Although Arab sources talk instead of the ”battle of Ramla”, Imad al Din says quite specifically that the baggage train was mired at the river on which the mound of Al-Safiya (modern Tell Es-Safi) stands. The mound is near the village of Menehem, about 25 km from Ascalon and about 18-20km from Ramla. It had a fort at around that time called Blanche Garde. The fort was razed by Saladin at some point in time but its foundations have been found at the very top of Tell es-Safi. It was called Blanche (white) being made of stone from the same hill (the quarry has also been identified on the hill) and clearly the mound or hill was made of white rock and all this detail has confirmed the archaeologists’ association of the fort under that name with this specific mound or hill (the only uncertainty is that Mont Gisard has not yet been independently identified as the same/different mound as Tell es-Safi). Nevertheless, Saladin arrayed his army in front of Tell al-Safiya (Telll es-Safi), according again to Imad al-Din who described also the battle in great detail (he was in the entourage of Saladin and fought in the battle).

    Saladin had been marching with part of his army and his baggage towards Jerusalem. Just past Tell es-Safi, the front guard may have proceeded either north or else east towards Jerusalem but the rest of the army had been delayed and bunched up because of the baggage train being mired in front of the mound. This was presumably a consequence of the ploughed fields and orchards further west being unsuitable for the march while the narrowness of the dirt path would have caused a bottleneck, if it run as it does today in between the river on one hand and the rocky hill on the other. Moreover, the path running next to the river could have been muddy on account of all this happening in November and not least by the passage of thousands of horses that would have turned up the moist earth.

    Much of Saladin’s cavalry was mixed with the mired baggage train, partly assisting in moving it forward. The two wings (the wings during a march normally take the position of front guard and rear guard) were ordered by Saladin to converge before the mound when the enemy was sighted. Quite likely, Saladin was forced into battle in front of Tell es-Safi, as otherwise he would have to abandon his baggage train, that would have included money, provisions and siege engines, to the enemy. But the front guard (his right wing) would have been some way up the road, maybe a long way up the road and so his men joined battle piecemeal. First the rear guard and some among those with the baggage train, then his Mamluk guard and in the course of all this the front guard (or his right wing) would hurry to battle joined by members of the raiding parties from further north, such as might get to the battle in time.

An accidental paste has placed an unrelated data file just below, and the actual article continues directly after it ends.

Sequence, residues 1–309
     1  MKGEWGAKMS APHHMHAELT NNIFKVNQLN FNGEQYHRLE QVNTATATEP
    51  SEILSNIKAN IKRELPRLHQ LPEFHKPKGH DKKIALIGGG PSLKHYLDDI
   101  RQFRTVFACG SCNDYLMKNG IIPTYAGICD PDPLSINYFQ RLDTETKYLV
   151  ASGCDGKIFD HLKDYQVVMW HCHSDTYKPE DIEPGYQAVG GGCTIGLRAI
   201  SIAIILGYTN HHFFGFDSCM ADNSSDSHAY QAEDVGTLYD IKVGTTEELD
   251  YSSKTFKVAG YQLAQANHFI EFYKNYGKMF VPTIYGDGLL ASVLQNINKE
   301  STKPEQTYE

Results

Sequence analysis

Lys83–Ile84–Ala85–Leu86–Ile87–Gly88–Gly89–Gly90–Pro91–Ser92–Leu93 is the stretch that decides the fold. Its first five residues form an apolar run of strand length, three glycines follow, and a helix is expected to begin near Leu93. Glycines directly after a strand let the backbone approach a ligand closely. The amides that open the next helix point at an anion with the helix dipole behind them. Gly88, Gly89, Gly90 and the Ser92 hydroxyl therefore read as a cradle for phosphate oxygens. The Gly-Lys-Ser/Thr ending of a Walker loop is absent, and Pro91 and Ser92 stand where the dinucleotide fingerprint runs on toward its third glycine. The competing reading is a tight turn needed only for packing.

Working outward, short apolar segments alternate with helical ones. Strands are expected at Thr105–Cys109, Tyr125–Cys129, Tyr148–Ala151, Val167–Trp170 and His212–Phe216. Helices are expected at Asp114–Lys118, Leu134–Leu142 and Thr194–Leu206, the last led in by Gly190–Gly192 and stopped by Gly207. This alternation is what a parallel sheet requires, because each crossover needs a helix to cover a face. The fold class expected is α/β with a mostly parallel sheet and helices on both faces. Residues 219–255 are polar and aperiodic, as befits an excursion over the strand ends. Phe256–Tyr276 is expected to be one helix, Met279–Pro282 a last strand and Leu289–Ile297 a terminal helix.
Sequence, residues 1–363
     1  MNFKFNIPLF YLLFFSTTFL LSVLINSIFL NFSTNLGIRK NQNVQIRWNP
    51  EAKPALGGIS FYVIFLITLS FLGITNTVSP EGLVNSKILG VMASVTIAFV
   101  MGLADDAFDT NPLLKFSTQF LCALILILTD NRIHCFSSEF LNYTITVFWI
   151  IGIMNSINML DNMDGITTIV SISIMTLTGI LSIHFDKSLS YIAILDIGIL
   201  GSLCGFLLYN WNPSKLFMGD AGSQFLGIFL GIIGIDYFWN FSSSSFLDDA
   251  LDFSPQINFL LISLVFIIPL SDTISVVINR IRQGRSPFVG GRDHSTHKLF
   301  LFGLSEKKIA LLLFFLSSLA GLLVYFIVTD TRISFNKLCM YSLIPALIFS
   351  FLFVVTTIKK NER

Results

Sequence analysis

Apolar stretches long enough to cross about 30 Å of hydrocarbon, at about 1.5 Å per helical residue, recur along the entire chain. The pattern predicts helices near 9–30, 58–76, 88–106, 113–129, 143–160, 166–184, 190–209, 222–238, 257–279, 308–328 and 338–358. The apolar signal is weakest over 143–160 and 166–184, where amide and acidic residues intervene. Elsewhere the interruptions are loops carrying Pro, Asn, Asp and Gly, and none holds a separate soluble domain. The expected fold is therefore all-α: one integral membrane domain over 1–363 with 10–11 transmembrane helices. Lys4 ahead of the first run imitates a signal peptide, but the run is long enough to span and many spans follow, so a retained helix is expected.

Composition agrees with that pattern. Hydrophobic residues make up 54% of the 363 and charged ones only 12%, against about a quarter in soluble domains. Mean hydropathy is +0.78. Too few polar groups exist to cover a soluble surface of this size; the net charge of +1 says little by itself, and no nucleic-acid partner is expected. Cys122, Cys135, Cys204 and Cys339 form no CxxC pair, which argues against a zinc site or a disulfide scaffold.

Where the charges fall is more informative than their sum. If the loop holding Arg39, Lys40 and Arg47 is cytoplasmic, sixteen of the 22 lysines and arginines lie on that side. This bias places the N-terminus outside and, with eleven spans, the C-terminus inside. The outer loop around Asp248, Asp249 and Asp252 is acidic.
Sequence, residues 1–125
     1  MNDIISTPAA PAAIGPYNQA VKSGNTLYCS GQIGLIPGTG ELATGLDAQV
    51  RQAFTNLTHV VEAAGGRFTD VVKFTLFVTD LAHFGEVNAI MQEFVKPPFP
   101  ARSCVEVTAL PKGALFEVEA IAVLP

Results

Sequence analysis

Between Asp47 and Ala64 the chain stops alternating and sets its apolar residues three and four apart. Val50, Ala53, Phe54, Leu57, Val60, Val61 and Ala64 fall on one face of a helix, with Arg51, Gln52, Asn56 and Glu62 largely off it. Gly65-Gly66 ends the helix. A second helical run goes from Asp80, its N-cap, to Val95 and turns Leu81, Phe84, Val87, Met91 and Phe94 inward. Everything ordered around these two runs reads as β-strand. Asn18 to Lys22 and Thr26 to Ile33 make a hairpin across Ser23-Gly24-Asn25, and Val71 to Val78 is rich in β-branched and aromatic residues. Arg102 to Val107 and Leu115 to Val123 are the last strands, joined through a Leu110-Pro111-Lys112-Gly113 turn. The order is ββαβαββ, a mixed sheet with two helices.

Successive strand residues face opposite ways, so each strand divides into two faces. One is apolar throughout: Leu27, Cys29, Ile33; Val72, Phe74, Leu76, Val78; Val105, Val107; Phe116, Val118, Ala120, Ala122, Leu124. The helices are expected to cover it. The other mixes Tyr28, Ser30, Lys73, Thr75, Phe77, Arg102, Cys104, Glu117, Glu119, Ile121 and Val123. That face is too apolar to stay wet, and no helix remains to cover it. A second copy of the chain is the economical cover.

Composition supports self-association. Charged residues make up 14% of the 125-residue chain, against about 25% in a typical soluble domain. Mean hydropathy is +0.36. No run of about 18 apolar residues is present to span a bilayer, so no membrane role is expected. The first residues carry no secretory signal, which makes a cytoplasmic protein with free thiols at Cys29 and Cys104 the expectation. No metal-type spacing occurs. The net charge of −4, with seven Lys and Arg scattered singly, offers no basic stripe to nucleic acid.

How much army did he have with him? He had left troops to lay siege on Gaza and Ascalon, not a very strong force as Baldwin and the Templars escaped, but perhaps a couple thousand at least. He had sent raiding parties further north to Ramla, Lydda and Qalqilya by Arsuf. Moreover, his advance guard had been marching towards Jerusalem and may have been miles up the road when he was surprised by Baldwin. Probably Saladin only had half his army with him, if that.

    William of Tyre puts the total of Saladin’s force to 26,000 horse, plus additional camels and mules. Clearly men would not fight on mules, so even he is estimating here only the total number of animals not of combatants. Egyptian records from that year mention only 8500 cavalry in total (though they only mention Ghulams and Mamluks as cavalry, so this number was perhaps just the professional cavalry). We may reconcile the two accounts by considering 8,500 professional cavalry and close to 20000 maximum others with potential mounts, used in part to carry baggage, etc. Among these there would have been a significant number of non-combatant camp followers. There would have been also some light troops and infantry that even if they travelled on horse, either they or their horses were not trained to fight as cavalry and would have had to dismount to fight. Considering the tired state of the Egyptian horses, which most sources agree on, the majority in Saladin’s force would have fought on foot. Those who fought on horse would be less effective than normally, so the normal effectiveness of the Royal Mamluks and Khassakis would be reduced. The non-combatants and those arriving with provisions, loot and cattle from the raids that could rush into battle on time would probably be mere rabble by the time they were on hand. So even at the highest estimate, Saladin would have fought this battle with effective forces not much more numerous than Baldwin’s.

    The battle began after Baldwin kneeled before the relic of the True Cross, prayed and then ordered the relic to be born before the army as they prepared to join battle. Effective command of the Jerusalem army was under Reynald de Chatillion, while the Egyptian effective command was under his nephew Taqi ad-Din, who presumably commanded the rear guard (left wing). Taqi ad-Din apparently attacked while Saladin was putting his Mamluk guard together. Taqi’s son Ahmad died in the early fighting.